Flor Azul

As the crow flies, Flor Azul isn’t that far from Nuevo Paraíso. I could run there if I had to. All you have to do is take the dirt road past Nueva Esperanza, through Guadalajara, and then, well, up into the mountains. Once you’re past the flat sugar cane fields and you start to go up is when you realize the drive you’ve got ahead of you. The rutted dirt road seems impossibly narrow and steep.

I think about how difficult is must be to get horses or donkeys up and down when it rains, let alone a beat up truck. That day, with the clear noonday sky overhead, our bus made it. Armando, the only person I trust to drive me on Honduras’s rough roads, handles the bucking bronco of a bus like a rodeo star. Despite the breathtaking view of the Valley of Morocelí, there were times I had my eyes closed, not because I doubted Armando, but because I wasn’t sure the crumbling cliff wouldn’t collapse beneath us. I wonder if the rosary hanging from the rear view mirror lent us any divine help.

We drive into the middle of the village, a handful of gringos and two handfuls of catrachos. We brought the teenage boys from the Santiago Apóstol house to help us carry the heavy laden bags all around the mountain. Earlier in the day, Jeanne and I had packed up food supplies – rice, beans, masa, etc. – for 44 families in Flor Azul. Now, we are meeting up with the village teacher, Cristina, and her entourage of local children, to deliver the bags house to house.

This village is typical of the region. Up in the mountains, there is no electricity. Water was only recently pumped up the mountain, enabling the families to walk only to the village center near the schoolhouse rather than all the way down to the valley. Visiting house to house gives you a good look at the village, a small snapshot of these people’s lives. Many women invite us in briefly to see their homes and meet their families. Two children, who are on their own during the week while there father is away working, invite us to see the new stove that was installed in their small home. To us Americans, it’s technology of the 19th century, but this wood burning stove with a chimney that diverts smoke out of the house is revolutionary in Flor Azul. It costs a few hundred dollars to put one in, a small cost to a group like ours, and can significantly reduce allergies and asthma, two growing problems for Honduran children. After viewing the stove, we take a look at the armadillo shells hanging from a tree outside that the children make into crafts to sell.

It’s then that I can’t hold it any longer; I have to use the bathroom. One of the young girls, probably about 8-years-old, takes me by the hand and, with her posse, we take a detour to her home. She brings me around back where her family’s outhouse is. It’s actually more comfortable than camp latrines I’ve used with Girl Scouts, with plenty of ventilation, though not built with a tall American in mind. When I’m finished, she shows me the basin where bodies, clothes, and cookware are all cleaned. She hands me a piece of soap and shows me how to scrub up and rinse in the basin. I’m slightly embarrassed that she can tell this is not how I usually wash my hands. I dry off on a towel hanging from the clothesline, and we head back to the rest of the group.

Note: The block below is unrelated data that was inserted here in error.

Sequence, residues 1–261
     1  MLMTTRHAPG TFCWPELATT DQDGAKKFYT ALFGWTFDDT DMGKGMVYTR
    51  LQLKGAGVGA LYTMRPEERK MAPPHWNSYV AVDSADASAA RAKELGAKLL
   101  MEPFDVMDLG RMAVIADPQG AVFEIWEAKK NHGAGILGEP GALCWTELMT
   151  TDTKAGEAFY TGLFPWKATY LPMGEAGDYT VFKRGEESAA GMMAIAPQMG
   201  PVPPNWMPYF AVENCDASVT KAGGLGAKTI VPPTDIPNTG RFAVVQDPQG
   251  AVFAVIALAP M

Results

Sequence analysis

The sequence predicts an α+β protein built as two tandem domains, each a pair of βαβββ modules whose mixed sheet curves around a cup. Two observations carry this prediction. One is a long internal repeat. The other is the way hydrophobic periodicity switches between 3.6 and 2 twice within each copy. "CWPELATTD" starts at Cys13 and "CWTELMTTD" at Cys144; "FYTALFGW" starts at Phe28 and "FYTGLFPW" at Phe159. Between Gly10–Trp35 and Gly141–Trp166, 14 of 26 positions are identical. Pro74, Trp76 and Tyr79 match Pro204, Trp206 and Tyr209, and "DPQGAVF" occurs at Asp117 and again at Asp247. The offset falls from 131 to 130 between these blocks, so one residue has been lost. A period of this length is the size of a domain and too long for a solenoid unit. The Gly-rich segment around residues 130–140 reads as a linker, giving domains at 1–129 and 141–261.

The children are inspecting the photographs that Susan brought with her. When she was here in the village a few years ago, she took pictures of these same kids. This year, she printed the pictures to hand out. When else are these kids ever going to see a photo of themselves?

Cristina informs us that rain will be arriving soon, so if we want any chance at making it all around the mountain, we need to split up. I go with the group that heads for the nearer group of houses, at the time unaware of the magnificent view I’m sacrificing by not going to the top. The Santiago boys push past one another, and me, in their hurry to get rid of their heavy bags first until Cato yells, “Dejen Laura pasar,” and I spring past them. We spend less time with these families because now everyone awaits the rain.

Once we’ve completed our deliveries, we trudge back toward the bus. I’m talking with Ever when a borracho approaches. His speech is slurred and he can’t seem to focus. He seems harmless, but my two gut feelings are wariness and sadness. I look at Ever and we climb onto the bus, closing the door behind us. I wonder who the man’s family is…

By the time we’re driving back down through the sugar cane fields, even the Santiago boys are quiet. Some of us may simply be hoping there will be beans and rice and plantains to eat when we get home. But maybe some of us are still thinking about the families we met today. Those who have little material wealth but give the enormous hospitality that is typical of Hondurans.

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